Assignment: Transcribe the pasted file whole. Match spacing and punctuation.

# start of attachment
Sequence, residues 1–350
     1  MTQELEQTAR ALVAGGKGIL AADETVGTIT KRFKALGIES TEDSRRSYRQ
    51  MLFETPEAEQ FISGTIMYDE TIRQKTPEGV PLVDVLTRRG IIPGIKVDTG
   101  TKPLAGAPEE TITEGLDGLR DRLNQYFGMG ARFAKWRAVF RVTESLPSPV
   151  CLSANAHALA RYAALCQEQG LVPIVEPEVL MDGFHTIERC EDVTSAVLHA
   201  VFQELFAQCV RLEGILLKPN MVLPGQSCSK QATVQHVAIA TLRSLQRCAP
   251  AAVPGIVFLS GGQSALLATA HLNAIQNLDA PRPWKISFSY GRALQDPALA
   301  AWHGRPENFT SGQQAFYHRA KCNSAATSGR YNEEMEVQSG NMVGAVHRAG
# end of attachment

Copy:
Sequence, residues 1–350
     1  MTQELEQTAR ALVAGGKGIL AADETVGTIT KRFKALGIES TEDSRRSYRQ
    51  MLFETPEAEQ FISGTIMYDE TIRQKTPEGV PLVDVLTRRG IIPGIKVDTG
   101  TKPLAGAPEE TITEGLDGLR DRLNQYFGMG ARFAKWRAVF RVTESLPSPV
   151  CLSANAHALA RYAALCQEQG LVPIVEPEVL MDGFHTIERC EDVTSAVLHA
   201  VFQELFAQCV RLEGILLKPN MVLPGQSCSK QATVQHVAIA TLRSLQRCAP
   251  AAVPGIVFLS GGQSALLATA HLNAIQNLDA PRPWKISFSY GRALQDPALA
   301  AWHGRPENFT SGQQAFYHRA KCNSAATSGR YNEEMEVQSG NMVGAVHRAG